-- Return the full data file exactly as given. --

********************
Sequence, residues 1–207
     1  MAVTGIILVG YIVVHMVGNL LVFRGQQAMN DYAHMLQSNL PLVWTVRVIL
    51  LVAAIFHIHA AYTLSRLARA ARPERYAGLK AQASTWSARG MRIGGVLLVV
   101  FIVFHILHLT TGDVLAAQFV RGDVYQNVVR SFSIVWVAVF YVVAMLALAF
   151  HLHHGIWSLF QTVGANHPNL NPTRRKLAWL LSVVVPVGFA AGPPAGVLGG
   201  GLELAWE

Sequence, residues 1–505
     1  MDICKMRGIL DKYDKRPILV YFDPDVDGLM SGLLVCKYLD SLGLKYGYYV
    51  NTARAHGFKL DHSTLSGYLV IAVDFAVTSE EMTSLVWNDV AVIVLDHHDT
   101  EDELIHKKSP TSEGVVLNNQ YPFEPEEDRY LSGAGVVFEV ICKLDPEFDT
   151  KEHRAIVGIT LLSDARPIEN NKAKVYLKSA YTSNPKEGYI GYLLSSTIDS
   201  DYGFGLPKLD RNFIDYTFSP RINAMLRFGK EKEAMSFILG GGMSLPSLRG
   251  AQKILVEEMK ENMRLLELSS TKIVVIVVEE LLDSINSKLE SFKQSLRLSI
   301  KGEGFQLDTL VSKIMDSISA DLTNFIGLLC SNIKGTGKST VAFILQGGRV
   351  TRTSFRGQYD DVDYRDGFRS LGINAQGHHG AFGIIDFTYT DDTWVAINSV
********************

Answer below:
Sequence, residues 1–207
     1  MAVTGIILVG YIVVHMVGNL LVFRGQQAMN DYAHMLQSNL PLVWTVRVIL
    51  LVAAIFHIHA AYTLSRLARA ARPERYAGLK AQASTWSARG MRIGGVLLVV
   101  FIVFHILHLT TGDVLAAQFV RGDVYQNVVR SFSIVWVAVF YVVAMLALAF
   151  HLHHGIWSLF QTVGANHPNL NPTRRKLAWL LSVVVPVGFA AGPPAGVLGG
   201  GLELAWE

Sequence, residues 1–505
     1  MDICKMRGIL DKYDKRPILV YFDPDVDGLM SGLLVCKYLD SLGLKYGYYV
    51  NTARAHGFKL DHSTLSGYLV IAVDFAVTSE EMTSLVWNDV AVIVLDHHDT
   101  EDELIHKKSP TSEGVVLNNQ YPFEPEEDRY LSGAGVVFEV ICKLDPEFDT
   151  KEHRAIVGIT LLSDARPIEN NKAKVYLKSA YTSNPKEGYI GYLLSSTIDS
   201  DYGFGLPKLD RNFIDYTFSP RINAMLRFGK EKEAMSFILG GGMSLPSLRG
   251  AQKILVEEMK ENMRLLELSS TKIVVIVVEE LLDSINSKLE SFKQSLRLSI
   301  KGEGFQLDTL VSKIMDSISA DLTNFIGLLC SNIKGTGKST VAFILQGGRV
   351  TRTSFRGQYD DVDYRDGFRS LGINAQGHHG AFGIIDFTYT DDTWVAINSV